Barbara: Well, we're seeing a lot of fear. And it's hitting home to me is I learned was people in the area now have tested positive. So now the reality is here in Bluffton, and we still have people trying to come down for spring break, because this is another destination for spring break. And the beaches are still open from what I understand our public parks are open, and they are sanitizing bathrooms. So they haven't closed that down. And as far as some of the stores have very limited hours are not open at all, grocery stores are open, and I praise all that are working at a grocery store right now. Because they're stressed, they're worried. And there's the recording going on. And that's again, our fear, there are some psychological issues that people need to solve. And that's, that's, you've got to have compassion for that too. But everybody's becoming much more neighborly and helpful.
Shireen: Can you speak a little bit about diabetes specifically, and the patients that you're seeing? What kind of impact Are you seeing all of this have on them?
Barbara: Well, another dietitian that I met, who moved down here not long ago, she works at volunteers and medicine to see the patients on a certain day of the week that need help and guidance with diabetes. And so I reached out to them and we started a support group, early January, and it's been very successful, at least nine people showing. And right now, they're close, and we're not having our fundraiser. It's postponed we're not having our groups in April making May. Not sure yet. And it's a support group open to the community for people with diabetes. But right now, we're not able to have it. But it was a nice support group for people to ask questions, and share. And I'm trying new recipes, we always provide a recipe. I too, have diabetes. So it impacts me because I am very responsive to stress and my numbers will go up so I can see that that's probably impacting a lot of people. Right now. It's just increased cortisol and stress.
Shireen: With the limited interaction that patients are now having with doctors with you know, with a diet Titian like yourself, have you guys looked at a telehealth format? What, what has that experience been like?
Barbara: Well, I had a patient who had prediabetes who reached out to me and he didn't want to come in because he has immune compromised in different ways. And in addition, so we did a phone console with him and his wife the other day, and that was perfect. I felt like we engage. We embrace shared stories. So it was a good experience. And I felt like his answers were, his questions were answered, and I'm sending out a packet of materials that I normally would have given them in our session. So I know my office is looking at the actual telehealth format. I know other dieticians in the area across the state are working in their offices and just phoning the patients in the hospital. A friend of mine, it was out of the area is seeing patients at the VA but personally.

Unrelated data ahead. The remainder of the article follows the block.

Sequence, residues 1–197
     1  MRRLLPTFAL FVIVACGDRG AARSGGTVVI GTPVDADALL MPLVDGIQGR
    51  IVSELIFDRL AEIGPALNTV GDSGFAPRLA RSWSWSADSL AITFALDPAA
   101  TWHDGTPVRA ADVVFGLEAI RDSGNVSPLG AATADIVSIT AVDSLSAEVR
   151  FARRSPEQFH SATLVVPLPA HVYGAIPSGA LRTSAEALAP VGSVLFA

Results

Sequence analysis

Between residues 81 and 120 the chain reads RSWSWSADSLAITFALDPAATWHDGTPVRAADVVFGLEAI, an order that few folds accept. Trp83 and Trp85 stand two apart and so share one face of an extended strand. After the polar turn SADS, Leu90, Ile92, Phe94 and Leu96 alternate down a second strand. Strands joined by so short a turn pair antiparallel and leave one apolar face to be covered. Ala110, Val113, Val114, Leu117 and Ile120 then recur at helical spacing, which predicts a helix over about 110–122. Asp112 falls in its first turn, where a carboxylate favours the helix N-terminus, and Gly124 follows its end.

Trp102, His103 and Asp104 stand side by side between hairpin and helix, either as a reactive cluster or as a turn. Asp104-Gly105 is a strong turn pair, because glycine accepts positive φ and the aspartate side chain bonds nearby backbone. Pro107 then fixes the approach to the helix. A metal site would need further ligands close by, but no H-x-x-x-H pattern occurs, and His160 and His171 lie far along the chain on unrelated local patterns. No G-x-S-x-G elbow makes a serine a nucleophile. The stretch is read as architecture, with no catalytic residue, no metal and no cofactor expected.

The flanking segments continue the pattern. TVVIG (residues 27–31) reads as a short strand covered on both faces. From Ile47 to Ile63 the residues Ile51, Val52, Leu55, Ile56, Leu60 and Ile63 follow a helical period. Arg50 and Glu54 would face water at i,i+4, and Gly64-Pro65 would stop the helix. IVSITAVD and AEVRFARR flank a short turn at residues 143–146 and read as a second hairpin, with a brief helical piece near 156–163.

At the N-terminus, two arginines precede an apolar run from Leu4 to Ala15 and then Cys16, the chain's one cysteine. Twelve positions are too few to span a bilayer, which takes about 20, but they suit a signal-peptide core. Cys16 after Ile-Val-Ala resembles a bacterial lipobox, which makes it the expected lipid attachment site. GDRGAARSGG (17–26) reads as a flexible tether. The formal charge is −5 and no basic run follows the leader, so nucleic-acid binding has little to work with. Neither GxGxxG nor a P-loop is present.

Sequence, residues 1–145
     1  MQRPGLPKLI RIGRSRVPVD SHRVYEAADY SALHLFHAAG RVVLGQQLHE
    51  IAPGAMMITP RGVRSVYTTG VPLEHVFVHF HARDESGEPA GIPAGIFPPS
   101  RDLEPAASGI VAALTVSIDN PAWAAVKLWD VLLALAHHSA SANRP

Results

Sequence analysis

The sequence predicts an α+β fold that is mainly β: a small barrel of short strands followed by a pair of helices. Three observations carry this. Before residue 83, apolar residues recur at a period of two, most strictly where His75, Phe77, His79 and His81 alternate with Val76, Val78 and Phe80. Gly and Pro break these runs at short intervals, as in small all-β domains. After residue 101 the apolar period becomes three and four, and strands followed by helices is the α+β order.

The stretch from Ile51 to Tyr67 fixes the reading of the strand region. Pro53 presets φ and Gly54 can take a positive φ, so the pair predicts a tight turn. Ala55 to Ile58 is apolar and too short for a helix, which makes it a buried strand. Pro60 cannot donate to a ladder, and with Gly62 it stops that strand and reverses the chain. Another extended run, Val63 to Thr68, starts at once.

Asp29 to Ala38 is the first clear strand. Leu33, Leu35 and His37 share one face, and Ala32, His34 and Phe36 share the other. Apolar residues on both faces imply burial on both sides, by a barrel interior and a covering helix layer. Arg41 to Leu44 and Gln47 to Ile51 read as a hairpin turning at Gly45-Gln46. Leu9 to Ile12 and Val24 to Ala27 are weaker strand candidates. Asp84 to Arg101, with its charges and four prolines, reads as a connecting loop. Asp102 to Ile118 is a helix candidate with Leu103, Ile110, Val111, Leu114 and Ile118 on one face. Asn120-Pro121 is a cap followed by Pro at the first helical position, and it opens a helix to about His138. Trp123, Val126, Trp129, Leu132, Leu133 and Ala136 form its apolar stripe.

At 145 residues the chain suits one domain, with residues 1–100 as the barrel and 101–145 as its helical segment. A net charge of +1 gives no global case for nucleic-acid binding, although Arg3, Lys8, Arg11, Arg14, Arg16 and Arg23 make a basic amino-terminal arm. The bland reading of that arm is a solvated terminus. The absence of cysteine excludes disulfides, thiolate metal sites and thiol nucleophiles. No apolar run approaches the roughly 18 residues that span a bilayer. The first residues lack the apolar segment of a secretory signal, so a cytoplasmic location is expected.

Shireen: So with that, and as people are staying indoors more what kind of resources can you share? And what kind of pearls of wisdom to have to share?
Barbara: Well, I've been doing some YouTube yoga, and you can I did it a couple of weeks ago. This is pouring rain and you want to go out to class, but you can take walks you can play with your kids outside. hiking, biking, I'm seeing a lot more outdoor activity going on. But if you're still indoors, if you don't live in a safe neighborhood for some reason, I would recommend doing some anything you can do at home using light weights or resistance then some people will I've had patients use the stairs and just walk those stairs. There's DVDs walk around your house five miles in services are Gary Shriner. And he's has diabetes himself. And he wrote several books, six of them. One is called think like a pancreas. But he has a Facebook page and website for integrated diabetes services. And they have a dietitian, so he sends recipes. So that's a good online source. And his books are wonderful. And you can order on Amazon and Kindle and all that. So I also use Michelle Mae has a mindful eating, eat we love love with you eat with diabetes, and she has online newsletters that help people support with the emotional impact of nutrition and you know, we all love food. So it's helpful to realize that if you have diabetes, you don't have to give up the foods you love. It's just how you balance them and portions and and what foods is happening together with so there is also the American Diabetes Association and they have free materials online.
Shireen: That's great. And so we're we're nearing the end of the episode here. Barbara, I'd love to talk to you. I'd love for folks actually to learn a little bit more about how they can connect with you and learn more about your work.
Barbara: Oh, thank you. I have my own Facebook case, but I'm also linked with posology dot biz, pathology fitness and pathology how and that's in Hilton Head. Bluffton, South Carolina, and I have a health prop page I have almost Google business dieticians and blocked in. My last thing is a little hard to spell for email, but it's MOS ch AI TTA and it's Barbara. So Barbara magenta.at polypharmacy doctors.
Shireen: Well thanks so much for your time. Barbara really, really appreciate it.
Barbara: Thank you.
Shireen: Once again Barbara Misha and she's based out of Bluffton, South Carolina. Thank you.
Barbara: Thank you